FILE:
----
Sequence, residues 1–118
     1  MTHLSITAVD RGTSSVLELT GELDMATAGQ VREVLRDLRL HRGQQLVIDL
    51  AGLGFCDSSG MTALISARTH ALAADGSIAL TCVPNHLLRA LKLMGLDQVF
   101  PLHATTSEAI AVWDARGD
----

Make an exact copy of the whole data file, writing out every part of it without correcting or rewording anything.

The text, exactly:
Sequence, residues 1–118
     1  MTHLSITAVD RGTSSVLELT GELDMATAGQ VREVLRDLRL HRGQQLVIDL
    51  AGLGFCDSSG MTALISARTH ALAADGSIAL TCVPNHLLRA LKLMGLDQVF
   101  PLHATTSEAI AVWDARGD